Eat Fat to Stop Your Sugar Cravings?
By Joan Kent, PhD
Have you ever had a sugar craving – one that made you go off your healthy diet? Dumb question, right? Many people claim that sugar cravings never go away, but they absolutely can and do. Completely.
Why shouldn't we simply eat sugar? Well, it lowers our quality of life in several ways. One is our health. The high insulin triggered by sugar promotes inflammation, medically recognized as the root cause of most, if not all, disease.
As covered in a previous post, sugar affects food intake, too. It increases appetite by inhibiting the brain's satiety center, and it changes food preferences, prompting the desire for foods high in sugar and/or fat. Both of these effects are linked to the brain's release of endorphins (beta-endorphin).
What's with Sugar Cravings?
A craving is an intense urge or desire to eat a food. Sugar cravings are among the most common. They're not the same as hunger.
Some people can indulge their cravings without repercussions. For others, giving in to cravings can undermine workouts or lead to weight gain, mood swings, diabetes or other health issues.
We typically hear that cravings result from low blood sugar, emotions, or biological need. How accurate are those explanations?
You can crave sugar after a full meal, so low blood sugar is not the only reason for the craving.
Emotions can bring on cravings but are certainly not the only triggers. I used to work for a weight-loss company that insisted that people ate either because they were physically hungry or because they had an emotional craving. It was and is a myopic view of cravings.
As for biological need, we may need other foods – say, salt – for biological reasons. But sugar is definitely not in that category.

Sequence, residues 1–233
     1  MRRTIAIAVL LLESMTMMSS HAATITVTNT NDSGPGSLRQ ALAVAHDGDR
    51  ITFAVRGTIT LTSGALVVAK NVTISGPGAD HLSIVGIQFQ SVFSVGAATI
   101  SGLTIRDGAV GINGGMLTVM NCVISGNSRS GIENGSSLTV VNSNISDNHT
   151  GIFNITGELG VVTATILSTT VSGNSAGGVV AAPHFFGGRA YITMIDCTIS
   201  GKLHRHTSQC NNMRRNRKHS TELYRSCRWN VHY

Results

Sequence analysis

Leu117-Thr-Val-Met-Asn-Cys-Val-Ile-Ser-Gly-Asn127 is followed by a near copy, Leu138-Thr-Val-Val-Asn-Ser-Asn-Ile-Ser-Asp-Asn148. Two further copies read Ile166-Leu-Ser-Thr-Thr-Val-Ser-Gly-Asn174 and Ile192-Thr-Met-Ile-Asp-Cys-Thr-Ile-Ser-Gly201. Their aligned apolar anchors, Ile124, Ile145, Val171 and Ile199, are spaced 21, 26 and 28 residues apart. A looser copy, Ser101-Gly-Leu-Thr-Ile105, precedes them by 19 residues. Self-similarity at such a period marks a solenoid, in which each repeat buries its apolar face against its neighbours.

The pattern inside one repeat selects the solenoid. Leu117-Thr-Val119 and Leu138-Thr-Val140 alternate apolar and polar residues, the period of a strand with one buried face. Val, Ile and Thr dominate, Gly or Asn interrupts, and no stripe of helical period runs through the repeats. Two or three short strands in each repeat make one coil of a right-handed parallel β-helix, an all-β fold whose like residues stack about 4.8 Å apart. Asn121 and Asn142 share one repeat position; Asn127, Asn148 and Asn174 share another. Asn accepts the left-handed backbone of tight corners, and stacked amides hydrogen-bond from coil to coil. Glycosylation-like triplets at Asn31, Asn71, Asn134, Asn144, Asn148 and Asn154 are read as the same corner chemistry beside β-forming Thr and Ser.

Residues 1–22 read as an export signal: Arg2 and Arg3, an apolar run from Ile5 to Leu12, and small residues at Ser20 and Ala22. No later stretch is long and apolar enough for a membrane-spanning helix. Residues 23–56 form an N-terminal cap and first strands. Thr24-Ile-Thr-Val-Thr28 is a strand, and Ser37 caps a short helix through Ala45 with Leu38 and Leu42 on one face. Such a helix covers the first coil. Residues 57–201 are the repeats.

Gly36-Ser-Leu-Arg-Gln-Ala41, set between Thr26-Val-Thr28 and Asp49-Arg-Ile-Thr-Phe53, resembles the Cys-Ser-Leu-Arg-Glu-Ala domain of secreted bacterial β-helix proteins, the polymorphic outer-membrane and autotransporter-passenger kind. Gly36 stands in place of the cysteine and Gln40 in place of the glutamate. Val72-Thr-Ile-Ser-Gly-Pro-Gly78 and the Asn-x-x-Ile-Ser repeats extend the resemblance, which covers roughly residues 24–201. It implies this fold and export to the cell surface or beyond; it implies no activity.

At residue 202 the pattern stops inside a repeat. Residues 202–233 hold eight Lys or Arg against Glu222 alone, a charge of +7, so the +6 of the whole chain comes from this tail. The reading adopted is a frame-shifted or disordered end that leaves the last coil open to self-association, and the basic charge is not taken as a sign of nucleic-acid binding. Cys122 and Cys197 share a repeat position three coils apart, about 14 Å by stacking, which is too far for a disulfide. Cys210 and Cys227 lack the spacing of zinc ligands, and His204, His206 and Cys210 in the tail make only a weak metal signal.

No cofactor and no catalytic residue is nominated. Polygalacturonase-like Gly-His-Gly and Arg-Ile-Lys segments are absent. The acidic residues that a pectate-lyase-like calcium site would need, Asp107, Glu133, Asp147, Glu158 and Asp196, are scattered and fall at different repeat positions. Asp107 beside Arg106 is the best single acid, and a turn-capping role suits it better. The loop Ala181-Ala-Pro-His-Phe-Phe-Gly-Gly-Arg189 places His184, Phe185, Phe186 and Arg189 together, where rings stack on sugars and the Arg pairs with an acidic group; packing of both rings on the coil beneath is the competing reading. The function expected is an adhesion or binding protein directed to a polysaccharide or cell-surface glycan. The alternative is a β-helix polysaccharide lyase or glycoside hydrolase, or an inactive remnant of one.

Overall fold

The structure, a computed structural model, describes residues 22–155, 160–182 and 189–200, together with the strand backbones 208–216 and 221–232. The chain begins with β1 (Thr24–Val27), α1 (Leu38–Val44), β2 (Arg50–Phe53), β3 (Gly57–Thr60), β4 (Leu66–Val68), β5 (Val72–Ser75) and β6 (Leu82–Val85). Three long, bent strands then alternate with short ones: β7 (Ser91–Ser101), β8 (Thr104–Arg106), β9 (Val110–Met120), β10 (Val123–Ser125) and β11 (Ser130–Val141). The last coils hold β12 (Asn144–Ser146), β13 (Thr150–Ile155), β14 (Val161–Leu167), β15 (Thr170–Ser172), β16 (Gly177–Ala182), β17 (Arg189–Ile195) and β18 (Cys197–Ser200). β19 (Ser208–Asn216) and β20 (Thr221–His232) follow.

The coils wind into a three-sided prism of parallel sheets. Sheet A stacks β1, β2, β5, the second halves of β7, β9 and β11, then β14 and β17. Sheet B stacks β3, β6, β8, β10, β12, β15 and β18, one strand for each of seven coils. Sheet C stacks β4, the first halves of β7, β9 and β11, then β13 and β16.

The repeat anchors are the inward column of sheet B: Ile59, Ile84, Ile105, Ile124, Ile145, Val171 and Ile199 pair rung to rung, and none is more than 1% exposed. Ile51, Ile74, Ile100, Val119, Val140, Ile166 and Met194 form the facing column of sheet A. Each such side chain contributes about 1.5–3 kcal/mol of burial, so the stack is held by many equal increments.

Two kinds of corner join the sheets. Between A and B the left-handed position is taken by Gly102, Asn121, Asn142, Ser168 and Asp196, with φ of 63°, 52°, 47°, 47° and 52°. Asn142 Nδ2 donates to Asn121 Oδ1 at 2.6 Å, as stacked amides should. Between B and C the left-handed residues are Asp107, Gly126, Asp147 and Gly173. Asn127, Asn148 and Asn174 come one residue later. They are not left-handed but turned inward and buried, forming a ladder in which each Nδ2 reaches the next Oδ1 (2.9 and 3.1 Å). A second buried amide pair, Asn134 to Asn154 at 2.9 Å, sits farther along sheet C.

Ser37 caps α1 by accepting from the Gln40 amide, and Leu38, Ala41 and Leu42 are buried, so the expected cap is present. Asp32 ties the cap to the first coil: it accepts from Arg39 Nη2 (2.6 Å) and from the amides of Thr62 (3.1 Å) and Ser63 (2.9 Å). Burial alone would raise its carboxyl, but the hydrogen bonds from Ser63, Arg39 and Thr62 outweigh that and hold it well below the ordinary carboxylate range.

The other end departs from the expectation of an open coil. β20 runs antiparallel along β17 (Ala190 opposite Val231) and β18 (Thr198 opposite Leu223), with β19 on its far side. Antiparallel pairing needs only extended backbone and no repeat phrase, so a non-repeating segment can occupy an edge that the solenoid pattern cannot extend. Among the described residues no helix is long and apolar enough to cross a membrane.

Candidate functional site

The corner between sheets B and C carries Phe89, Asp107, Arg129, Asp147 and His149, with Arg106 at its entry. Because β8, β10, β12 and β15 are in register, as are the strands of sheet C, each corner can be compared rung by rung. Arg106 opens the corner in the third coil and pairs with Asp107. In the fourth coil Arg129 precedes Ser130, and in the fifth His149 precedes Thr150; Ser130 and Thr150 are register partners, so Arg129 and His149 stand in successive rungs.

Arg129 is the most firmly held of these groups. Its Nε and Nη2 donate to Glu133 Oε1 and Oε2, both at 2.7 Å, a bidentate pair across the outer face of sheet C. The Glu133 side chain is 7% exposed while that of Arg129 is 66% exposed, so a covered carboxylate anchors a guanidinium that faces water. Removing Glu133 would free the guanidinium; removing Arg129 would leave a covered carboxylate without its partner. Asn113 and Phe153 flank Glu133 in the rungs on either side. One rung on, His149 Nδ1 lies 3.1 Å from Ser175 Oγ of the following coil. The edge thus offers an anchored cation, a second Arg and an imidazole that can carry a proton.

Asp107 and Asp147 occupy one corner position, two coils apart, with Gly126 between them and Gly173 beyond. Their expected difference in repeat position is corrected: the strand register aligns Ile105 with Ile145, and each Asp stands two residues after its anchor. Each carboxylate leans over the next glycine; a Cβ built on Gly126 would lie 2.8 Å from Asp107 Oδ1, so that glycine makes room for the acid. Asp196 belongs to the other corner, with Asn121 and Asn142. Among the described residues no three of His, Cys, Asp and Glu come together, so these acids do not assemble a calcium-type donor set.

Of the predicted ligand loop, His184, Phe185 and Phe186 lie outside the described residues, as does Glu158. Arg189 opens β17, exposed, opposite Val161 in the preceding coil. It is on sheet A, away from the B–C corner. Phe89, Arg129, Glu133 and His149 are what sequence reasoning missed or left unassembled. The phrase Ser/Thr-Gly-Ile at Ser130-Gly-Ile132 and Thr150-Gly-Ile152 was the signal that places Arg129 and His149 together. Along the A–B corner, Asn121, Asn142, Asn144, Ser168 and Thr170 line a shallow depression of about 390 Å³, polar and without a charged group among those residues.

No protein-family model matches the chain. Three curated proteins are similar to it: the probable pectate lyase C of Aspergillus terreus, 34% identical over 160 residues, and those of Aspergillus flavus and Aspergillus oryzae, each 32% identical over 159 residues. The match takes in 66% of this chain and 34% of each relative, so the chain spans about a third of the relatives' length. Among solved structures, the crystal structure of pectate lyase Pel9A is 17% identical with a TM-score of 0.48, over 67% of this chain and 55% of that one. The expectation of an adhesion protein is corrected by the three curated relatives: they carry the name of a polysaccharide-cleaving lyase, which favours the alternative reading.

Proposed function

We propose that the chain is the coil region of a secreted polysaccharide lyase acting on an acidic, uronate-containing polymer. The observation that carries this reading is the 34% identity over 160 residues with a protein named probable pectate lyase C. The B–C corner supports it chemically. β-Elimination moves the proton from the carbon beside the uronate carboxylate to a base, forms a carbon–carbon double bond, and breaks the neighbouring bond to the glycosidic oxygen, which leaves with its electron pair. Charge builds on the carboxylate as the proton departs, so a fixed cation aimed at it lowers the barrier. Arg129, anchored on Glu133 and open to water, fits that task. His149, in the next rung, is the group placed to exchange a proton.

Here's one real reason for sugar cravings.
Too Little Fat
Science journals refer to the sugar/fat seesaw, an inverse relation in the fat and sugar we eat. As one decreases in the diet, the other increases.
Fats help us control sugar cravings in 3 ways.
They do stabilize blood glucose, so there's that.
Fats also change our hormones. When fat enters the small intestine, the hormone cholecystokinin (CCK) is released. CCK reduces hunger,appetite and the desire for carbohydrates. Yet when someone is on a low-fat diet, less CCK is released, resulting in a desire for more food, mostly carbs.
But how does sugar enter the picture? That's about brain chemistry.
The brain releases endorphins when we eat sugar or fat, and we become accustomed to our usual endorphin level. A low-fat diet decreases endorphins, making the brain want endorphin-triggering foods. That may lead to either fat or sugar cravings.
If you won't eat fats, the sugar cravings will take over.
To help you keep sugar cravings under control, eat healthful fats with all your meals.
If you feel stuck with sugar cravings or have had trouble quitting sugar(!), just visit www.LastResortNutrition.com and grab your free Craving Crusher Consult. Find out other simple ways to help you move forward and escape sugar's grip. The health and energy boosts you'll feel are only part of the freedom you'll enjoy!